expresses substantial concerns, which I strongly share, about the potential harms that can result from owners of [SEPs] who have made a voluntary commitment to offer to license SEPs on [FRAND] terms …, gaining undue leverage and engaging in patent “hold-up”, i.e., asserting the patent to exclude an implementer of the standard from a market to obtain a higher price for use of the patent than would have been possible before the standard was set, when alternative strategies could have been chosen. At the same time, technology implementers also can cause potential harm by, for example, engaging in “reverse hold-up” (“hold-out”), e.g., by constructive refusal to negotiate a FRAND license with the SEP owner or refusal to pay what has been determined to be a FRAND royalty.
Froman further quoted the policy statement's argument that hold-out is one example where “[a]n exclusion order may still be an appropriate remedy,” as well as when “a putative licensee is not subject to the jurisdiction of a court that could award damages.” He urged that the commission in the future develop a factual record from the outset of each proceeding involving an SEP on “the presence or absence of patent hold-up or reverse hold-up. … The Commission is well-positioned to consider these issue in its public interest determinations.”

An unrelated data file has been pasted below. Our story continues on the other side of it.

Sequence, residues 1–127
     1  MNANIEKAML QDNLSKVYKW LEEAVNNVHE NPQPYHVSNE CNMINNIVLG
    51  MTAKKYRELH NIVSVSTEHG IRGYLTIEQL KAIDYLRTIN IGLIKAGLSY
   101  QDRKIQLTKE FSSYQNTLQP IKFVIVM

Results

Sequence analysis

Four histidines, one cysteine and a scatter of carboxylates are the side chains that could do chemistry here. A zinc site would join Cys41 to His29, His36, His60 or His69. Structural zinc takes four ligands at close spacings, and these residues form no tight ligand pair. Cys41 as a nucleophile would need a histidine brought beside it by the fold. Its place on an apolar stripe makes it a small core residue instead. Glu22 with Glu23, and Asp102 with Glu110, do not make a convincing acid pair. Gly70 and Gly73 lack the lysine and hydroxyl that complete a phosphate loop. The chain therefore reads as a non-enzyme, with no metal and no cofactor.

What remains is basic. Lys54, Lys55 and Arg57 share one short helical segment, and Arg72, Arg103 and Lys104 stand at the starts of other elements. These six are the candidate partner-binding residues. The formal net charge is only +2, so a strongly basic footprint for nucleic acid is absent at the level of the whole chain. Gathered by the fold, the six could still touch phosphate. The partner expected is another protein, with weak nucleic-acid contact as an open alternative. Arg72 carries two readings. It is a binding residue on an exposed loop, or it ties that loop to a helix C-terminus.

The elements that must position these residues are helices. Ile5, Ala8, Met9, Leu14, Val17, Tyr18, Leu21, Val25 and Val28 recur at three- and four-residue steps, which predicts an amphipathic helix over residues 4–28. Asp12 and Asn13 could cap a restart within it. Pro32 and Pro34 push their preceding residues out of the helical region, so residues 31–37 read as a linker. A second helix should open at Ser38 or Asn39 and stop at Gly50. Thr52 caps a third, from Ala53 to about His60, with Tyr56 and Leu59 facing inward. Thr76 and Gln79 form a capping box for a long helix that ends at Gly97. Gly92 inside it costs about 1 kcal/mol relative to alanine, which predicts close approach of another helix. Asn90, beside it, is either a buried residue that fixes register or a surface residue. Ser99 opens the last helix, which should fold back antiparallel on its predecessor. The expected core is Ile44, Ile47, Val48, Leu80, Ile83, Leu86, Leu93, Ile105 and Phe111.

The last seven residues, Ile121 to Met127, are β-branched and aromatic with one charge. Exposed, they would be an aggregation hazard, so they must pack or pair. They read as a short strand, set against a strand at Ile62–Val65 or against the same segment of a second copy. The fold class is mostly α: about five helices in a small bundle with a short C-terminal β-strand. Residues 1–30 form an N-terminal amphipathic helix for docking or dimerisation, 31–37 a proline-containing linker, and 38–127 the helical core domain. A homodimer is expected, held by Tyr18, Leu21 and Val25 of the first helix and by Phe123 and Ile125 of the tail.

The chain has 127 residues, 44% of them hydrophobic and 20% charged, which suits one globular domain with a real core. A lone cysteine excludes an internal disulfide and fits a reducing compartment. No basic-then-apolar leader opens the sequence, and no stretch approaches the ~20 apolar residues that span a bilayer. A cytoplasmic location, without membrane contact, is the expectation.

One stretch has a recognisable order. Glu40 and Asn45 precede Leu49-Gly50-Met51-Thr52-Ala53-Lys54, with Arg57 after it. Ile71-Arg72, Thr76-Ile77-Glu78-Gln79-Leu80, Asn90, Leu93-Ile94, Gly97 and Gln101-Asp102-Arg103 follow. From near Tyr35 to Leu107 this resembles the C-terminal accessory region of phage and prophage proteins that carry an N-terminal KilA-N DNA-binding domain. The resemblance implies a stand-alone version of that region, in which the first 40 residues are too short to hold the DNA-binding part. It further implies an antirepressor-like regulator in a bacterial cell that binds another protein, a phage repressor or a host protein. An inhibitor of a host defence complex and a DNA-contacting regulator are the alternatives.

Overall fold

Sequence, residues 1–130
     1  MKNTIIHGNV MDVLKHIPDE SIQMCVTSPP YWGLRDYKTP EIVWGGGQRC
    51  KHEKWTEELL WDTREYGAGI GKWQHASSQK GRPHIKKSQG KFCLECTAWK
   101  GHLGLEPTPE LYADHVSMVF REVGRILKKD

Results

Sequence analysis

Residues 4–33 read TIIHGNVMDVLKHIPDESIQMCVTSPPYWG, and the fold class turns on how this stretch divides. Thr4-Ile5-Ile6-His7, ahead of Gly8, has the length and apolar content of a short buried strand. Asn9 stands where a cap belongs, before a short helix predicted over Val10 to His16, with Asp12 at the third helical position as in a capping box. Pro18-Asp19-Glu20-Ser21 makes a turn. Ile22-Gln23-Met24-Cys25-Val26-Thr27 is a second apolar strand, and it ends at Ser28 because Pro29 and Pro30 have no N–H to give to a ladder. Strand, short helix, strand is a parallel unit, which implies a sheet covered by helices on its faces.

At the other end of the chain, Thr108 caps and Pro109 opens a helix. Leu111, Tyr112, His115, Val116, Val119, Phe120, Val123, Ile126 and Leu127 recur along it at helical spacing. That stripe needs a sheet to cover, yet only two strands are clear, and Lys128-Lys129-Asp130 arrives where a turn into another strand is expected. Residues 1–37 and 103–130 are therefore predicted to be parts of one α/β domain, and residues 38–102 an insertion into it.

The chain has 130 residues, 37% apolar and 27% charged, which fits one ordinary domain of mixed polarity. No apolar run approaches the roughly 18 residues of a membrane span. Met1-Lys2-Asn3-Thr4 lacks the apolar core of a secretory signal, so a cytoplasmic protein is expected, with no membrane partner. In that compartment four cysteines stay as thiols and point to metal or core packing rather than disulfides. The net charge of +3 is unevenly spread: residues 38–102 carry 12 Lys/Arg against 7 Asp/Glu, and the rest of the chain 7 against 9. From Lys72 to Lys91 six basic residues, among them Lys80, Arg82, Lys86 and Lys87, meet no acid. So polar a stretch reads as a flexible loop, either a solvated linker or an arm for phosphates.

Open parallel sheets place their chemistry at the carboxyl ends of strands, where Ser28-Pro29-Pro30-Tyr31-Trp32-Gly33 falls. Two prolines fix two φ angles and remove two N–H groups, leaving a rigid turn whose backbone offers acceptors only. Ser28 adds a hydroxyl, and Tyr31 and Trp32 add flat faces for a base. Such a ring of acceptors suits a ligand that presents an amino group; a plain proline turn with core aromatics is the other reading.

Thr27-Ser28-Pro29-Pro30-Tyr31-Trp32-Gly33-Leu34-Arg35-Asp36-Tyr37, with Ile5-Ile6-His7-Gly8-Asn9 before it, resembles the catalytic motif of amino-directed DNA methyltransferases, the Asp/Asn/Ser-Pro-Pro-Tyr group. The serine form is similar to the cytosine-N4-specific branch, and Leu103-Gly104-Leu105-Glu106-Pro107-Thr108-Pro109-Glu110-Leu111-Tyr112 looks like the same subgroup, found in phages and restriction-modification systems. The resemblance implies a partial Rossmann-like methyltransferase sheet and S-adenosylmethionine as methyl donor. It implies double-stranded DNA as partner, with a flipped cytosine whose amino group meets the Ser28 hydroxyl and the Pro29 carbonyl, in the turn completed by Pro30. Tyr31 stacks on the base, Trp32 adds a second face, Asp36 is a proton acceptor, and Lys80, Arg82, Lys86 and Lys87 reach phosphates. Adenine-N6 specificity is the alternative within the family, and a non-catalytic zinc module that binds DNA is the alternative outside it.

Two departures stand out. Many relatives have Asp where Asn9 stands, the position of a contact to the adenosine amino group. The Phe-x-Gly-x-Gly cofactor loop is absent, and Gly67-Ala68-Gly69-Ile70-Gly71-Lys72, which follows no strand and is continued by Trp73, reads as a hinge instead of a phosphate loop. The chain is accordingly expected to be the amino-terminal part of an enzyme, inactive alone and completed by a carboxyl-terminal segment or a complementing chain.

“My decision to disapprove this determination does not mean that the patent owner in this case is not entitled to a remedy,” Froman said in closing. “On the contrary, the patent owner may continue to pursue its rights through the courts.”
Samsung is pursuing patent infringement litigation against Apple on the same patents in a district court case. Samsung Electronics Co. v. Apple Inc., No. 1:11-cv-00573-LPS (D. Del.). The case was stayed in August 2011 pending the results of the ITC action.
SEP holders have not fared well in seeking injunctions in two well known court cases to date, however.
• Microsoft Corp.'s Xbox game system avoided an injunction sought by Motorola Inc. both within the United States and in preventing enforcement of an injunction imposed by a German court. Microsoft Corp. v. Motorola Inc., No. 2:10-cv-01823-JLR, 106 U.S.P.Q.2d 1127 (W.D. Wash. Oct. 10, 2012) (198 PTD, 10/15/12); Microsoft Corp. v. Motorola Inc., 696 F.3d 872, 104 U.S.P.Q.2d 2000 (9th Cir. 2012).